Why pronouns are important to your LGBTQ+ clients
In this article, Aviva Pride community member and Intermediary Social Media Manager, Chris Bailey-Munt, explains how using pronouns can help to improve the customer experience for LGBTQ+ clients.
I met with a group of financial advisers recently and was asked about the use of pronouns and how they can be a better ally to LGBTQ+ clients.
Advisers want to welcome LGBTQ+ clients through their doors and be respectful but can be nervous about doing or saying the wrong thing.
What are pronouns?
Pronouns are words we use every day to describe ourselves and others. For some, pronouns can be an integral part of expressing their gender identity. I use he/him and others may use she/her, they/them or xe/xem, for example. Some people may use several sets of pronouns.
Pronouns may be fixed or fluid and change as people understand their identities better. Some people are genderfluid and may use different pronouns at different times.
To better support LGBTQ+ clients, it’s important that we normalise using pronouns to help everyone feel seen, included and respected.
Here are my seven top tips:
State your pronouns
Introduce yourself with your pronouns and ask people you meet for the first time what their pronouns are. This helps to put non-binary and trans clients at ease and rules out any misgendering, which is a common occurrence in their lives.
Add pronouns to your online profiles
Simply adding your pronouns to your email signature, website and social media profiles shows that you are a visible ally and helps to make non-binary and trans clients feel safe.
Use neutral terms to avoid making assumptions about gender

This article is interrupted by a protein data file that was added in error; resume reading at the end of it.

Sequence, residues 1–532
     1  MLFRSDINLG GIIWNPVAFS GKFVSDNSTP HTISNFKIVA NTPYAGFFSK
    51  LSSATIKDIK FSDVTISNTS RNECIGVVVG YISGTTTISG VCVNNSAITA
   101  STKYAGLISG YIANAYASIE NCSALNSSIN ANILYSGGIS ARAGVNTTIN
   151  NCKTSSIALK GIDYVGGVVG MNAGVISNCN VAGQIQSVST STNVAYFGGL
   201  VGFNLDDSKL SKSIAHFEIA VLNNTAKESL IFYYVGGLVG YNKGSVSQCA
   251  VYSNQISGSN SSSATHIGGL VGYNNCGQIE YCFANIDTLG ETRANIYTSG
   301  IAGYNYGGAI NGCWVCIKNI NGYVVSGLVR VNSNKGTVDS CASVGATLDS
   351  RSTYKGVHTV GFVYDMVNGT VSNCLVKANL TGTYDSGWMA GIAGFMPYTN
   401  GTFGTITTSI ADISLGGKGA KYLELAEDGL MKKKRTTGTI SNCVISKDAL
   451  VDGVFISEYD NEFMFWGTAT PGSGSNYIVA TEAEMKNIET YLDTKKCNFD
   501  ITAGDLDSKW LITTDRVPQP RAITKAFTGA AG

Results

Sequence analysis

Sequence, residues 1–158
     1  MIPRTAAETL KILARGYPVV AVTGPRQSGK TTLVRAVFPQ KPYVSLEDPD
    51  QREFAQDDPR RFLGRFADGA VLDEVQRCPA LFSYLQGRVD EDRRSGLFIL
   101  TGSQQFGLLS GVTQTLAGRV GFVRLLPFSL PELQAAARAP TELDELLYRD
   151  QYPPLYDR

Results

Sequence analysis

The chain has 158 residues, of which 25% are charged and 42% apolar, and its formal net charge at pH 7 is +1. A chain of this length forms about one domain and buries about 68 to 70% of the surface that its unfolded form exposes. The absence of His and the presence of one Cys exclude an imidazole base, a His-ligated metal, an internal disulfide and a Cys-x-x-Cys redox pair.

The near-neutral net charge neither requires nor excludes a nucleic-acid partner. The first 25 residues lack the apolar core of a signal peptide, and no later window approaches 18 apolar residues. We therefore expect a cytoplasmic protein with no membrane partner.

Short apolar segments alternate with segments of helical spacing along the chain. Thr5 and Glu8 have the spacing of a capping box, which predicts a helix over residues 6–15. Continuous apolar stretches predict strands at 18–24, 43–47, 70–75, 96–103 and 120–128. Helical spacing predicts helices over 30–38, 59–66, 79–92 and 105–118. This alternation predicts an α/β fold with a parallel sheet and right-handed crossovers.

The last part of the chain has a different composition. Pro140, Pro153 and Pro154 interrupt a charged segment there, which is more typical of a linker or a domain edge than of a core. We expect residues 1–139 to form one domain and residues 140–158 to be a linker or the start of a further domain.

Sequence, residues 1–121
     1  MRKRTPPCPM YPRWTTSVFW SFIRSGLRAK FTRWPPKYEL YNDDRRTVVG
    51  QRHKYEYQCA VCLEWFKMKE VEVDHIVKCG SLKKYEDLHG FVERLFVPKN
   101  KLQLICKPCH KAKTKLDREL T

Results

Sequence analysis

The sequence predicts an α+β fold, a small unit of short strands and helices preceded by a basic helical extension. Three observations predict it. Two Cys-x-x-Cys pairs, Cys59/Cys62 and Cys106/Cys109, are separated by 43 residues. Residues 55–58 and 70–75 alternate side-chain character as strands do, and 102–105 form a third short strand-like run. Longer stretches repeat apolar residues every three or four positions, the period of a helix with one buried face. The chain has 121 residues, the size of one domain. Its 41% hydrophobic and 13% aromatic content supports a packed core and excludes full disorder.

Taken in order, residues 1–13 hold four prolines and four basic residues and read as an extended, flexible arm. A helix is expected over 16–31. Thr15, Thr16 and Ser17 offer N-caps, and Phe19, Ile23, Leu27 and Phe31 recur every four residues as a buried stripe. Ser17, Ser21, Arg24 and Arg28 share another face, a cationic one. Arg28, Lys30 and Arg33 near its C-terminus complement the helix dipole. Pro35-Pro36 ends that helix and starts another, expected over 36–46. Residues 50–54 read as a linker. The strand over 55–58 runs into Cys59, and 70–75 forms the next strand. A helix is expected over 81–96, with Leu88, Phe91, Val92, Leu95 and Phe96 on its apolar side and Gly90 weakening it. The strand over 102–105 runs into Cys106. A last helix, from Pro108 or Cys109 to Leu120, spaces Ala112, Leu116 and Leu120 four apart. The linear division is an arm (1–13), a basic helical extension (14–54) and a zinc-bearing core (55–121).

For example, ask ‘Do you have a partner?’ or ‘Are you covered on your partner’s life policy’, rather than ‘Do you have a wife?’ or ‘Are you covered on your wife’s life policy?’.
Use ‘they’ when you don’t know your client’s pronouns or gender identity
This helps prevent misgendering, which can affect clients’ mental health.
It’s ok to make mistakes
If you accidently misgender a client, just correct yourself and continue the conversation. Being overly apologetic can make non-binary and trans clients feel uncomfortable.
Don’t be silent
Use your voice to call out any homophobic, biphobic or transphobic behaviour. By being a visible ally, you can help to improve the experience of the LGBTQ+ community. Your words could help a colleague or client feel safe to come out and be their authentic selves around you.
Keep an open mind to learning more
Gender identity is diverse. By being accepting and open to learn, you will have a better understanding of your LGBTQ+ clients. This will strengthen your relationship with them, help you to better serve their needs, and grow your LGBTQ+ client base.